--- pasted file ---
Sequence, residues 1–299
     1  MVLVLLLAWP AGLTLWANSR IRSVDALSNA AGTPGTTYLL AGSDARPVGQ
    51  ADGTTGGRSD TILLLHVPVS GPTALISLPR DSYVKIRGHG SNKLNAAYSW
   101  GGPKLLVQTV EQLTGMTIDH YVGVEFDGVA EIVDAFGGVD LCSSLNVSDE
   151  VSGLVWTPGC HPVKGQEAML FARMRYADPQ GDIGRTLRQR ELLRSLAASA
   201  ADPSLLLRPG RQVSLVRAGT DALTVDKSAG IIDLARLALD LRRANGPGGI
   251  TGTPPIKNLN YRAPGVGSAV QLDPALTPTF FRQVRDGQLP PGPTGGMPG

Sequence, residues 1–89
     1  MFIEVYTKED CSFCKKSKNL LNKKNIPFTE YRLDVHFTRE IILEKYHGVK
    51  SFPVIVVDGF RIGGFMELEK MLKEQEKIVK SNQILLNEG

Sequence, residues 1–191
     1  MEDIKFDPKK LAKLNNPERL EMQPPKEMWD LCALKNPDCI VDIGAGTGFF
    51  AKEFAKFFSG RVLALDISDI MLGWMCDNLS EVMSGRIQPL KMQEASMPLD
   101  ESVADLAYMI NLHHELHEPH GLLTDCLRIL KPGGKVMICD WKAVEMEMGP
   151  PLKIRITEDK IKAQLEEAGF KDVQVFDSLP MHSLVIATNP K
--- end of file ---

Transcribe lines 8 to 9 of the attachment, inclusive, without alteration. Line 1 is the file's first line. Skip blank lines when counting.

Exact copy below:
Sequence, residues 1–89
     1  MFIEVYTKED CSFCKKSKNL LNKKNIPFTE YRLDVHFTRE IILEKYHGVK